parodies by nacrowe
up until 6th grade my family lived in the ORANGE COUNTY city of BREA. at the time being 11 the extent to which i knew of bands from SOUTHERN CALIFORNIA outside of THE BEACH BOYS were prominent bands that were being played on the local radio station 106.7 FM KROQ out of LOS ANGELES like BAD RELIGION and THE OFFSPRING. so i was utterly clueless about the underground music scene in and around my hometown during the period of my life when i actually lived in SOUTHERN CALIFORNIA.
it was when i entered high school a few years later (on the other side of the country in MASSACHUSETTS) that i was fascinated to learn about notable HARDCORE bands that were not just from nearby ORANGE COUNTY cities like FULLERTON (SOCIAL DISTORTION, ADOLESCENTS, D.I.), GARDEN GROVE (THE OFFSPRING), PLACENTIA (AGENT ORANGE) and SANTA ANA (THE MIDDLE CLASS), but also neighboring LOS ANGELES COUNTY neighborhoods like LONG BEACH (T.S.O.L.), HERMOSA BEACH (CIRCLE JERKS, BLACK FLAG), VENICE BEACH (SUICIDAL TENDENCIES), MANHATTAN BEACH (DESCENDENTS, PENNYWISE) and HUNTINGTON BEACH (THE VANDALS) that i visited often as a child. it was like learning about an alternate cultural history of a place i thought i knew but learned i knew very little about.
so i was pretty excited and thought long and hard about the bands i included on the LOS ANGELES PUNK ROCK show i did back in early 2021. contrary to the name i also included bands outside of the greater LOS ANGELES metropolitan area and included SAN DIEGO (BATTALION OF SAINTS) and POWAY (BLINK-182) as well.
what i found interesting when reading and learning about the original scene in LOS ANGELES in the late 1970s was how INCLUSIVE and EXPERIMENTAL it was. with bands like THE GUN CLUB, THE WEIRDOS, X, THE FLESH EATERS, THE BAGS and THE GERMS you had such a wide array of bands finding their distinct voice through a litany of ROCKABILLY, COUNTRY and POST PUNK influences (well not THE GERMS, they were just abrasive sonic nihilists). very much seemed reminiscent of the nascent PUNK ROCK scene at CBGBs where you had PATTI SMITH, TALKING HEADS, TELEVISION, THE DEAD BOYS, BLONDIE and THE RAMONES all sharing the same small stage and supporting one another. the following NO WAVE and especially the NYHC scene seemed to occupy the seemingly polar opposite positions relative to unbridled EXPERIMENTALISM and PUNK ROCK FUNDAMENTALISM. that same dynamic played out in LOS ANGELES with the advent of HARDCORE and all the bands from the suburbs (like ORANGE COUNTY) coming in and taking over and bringing the angry jocks contingent with them.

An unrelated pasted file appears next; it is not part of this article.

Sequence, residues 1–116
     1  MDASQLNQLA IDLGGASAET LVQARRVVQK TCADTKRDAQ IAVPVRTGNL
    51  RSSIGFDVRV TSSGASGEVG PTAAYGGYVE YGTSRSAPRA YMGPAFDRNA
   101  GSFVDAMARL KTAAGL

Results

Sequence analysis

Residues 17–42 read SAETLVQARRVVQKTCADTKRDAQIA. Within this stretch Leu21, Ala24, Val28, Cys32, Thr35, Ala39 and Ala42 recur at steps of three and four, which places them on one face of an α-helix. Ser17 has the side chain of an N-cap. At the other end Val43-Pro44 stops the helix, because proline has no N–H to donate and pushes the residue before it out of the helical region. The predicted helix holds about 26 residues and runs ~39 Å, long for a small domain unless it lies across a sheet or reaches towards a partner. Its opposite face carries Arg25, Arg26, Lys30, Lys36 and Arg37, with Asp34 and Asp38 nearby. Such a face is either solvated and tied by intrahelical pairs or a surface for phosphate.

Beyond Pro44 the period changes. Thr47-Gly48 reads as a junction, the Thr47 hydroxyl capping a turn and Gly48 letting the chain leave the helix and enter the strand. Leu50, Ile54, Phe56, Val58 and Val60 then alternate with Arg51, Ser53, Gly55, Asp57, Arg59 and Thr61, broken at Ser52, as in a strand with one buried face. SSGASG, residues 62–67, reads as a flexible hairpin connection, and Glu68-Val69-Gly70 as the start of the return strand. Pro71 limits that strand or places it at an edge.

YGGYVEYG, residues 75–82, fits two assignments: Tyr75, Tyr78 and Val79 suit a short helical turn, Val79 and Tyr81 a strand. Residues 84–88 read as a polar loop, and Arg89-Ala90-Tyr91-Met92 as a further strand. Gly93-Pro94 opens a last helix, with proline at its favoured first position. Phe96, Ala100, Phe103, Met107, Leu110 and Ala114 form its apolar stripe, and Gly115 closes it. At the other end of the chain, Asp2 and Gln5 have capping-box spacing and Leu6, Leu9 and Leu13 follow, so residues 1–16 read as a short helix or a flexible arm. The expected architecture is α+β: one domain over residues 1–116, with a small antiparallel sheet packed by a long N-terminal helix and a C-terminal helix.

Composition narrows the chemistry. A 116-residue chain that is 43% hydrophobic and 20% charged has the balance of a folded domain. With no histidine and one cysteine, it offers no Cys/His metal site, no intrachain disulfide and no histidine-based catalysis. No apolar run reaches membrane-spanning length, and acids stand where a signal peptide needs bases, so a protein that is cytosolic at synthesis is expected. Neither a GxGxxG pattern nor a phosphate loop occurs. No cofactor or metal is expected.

this dynamic i have covered in several documentaries and several books listed below. definitely check them out as well as DEER GOD RADIO episode dedicated to the history LOS ANGELES PUNK ROCK embedded below. definitely a highlight of my radio show.
DO WHAT YOU WANT: THE STORY OF BAD RELIGION BAD RELIGION & JIM RULAND
VIOLENCE GIRL: A CHICANA PUNK STORY ALICE BAG
UNDER THE BIG BLACK SUN: A PERSONAL HISTORY OF L.A. PUNK JOHN DOE
KIDS OF THE BLACK HOLE: PUNK ROCK IN POSTSUBURBAN CALIFORNIA DEWAR MACLEOD
MY DAMAGE: THE STORY OF A PUNK ROCK SURVIVOR KEITH MORRIS & JIM RULAND
THE HEPATITIS BATHTUB AND OTHER STORIES NOFX
GET IN THE VAN: ON THE ROAD WITH BLACK FLAG HENRY ROLLINS
CORPORATE ROCK SUCKS: THE RISE & FALL OF SST RECORDS JIM RULAND
CLOCKWORK ORANGE COUNTY JONATHAN W.C. MILLS
A FAT WRECK SHAUN MICHAEL COLON
FILMAGE: THE STORY OF DESCENDENTS/ALL DEEDLE LACOUR & MATT RIGGLE
MY LIFE AS A JERK DAVID MARKEY
PUNK ROCK EATS ITS OWN: A FILM ABOUT FACE TO FACE MATHEW BARRY & MAUREEN EGAN
REALITY 86'D DAVID MARKEY
WE JAM ECONO: THE STORY OF THE MINUTEMEN TIM IRWIN
photo manipulation by nacrowe
THE EPITAPH STORY (EPITAPH, 2003) is an interesting mini-documentary i found online about the legendary independent SOUTHERN CALIFORNIA PUNK ROCK record label EPITAPH RECORDS that was originally issued as an add-on to a now long out-of-print PUNK-O-RAMA DVD. obviously its an EPITAPH-produced film released by EPITAPH about themselves so clearly their built-in bias is to be expected, but what i found interesting was the band-centered ethos that the label was founded on.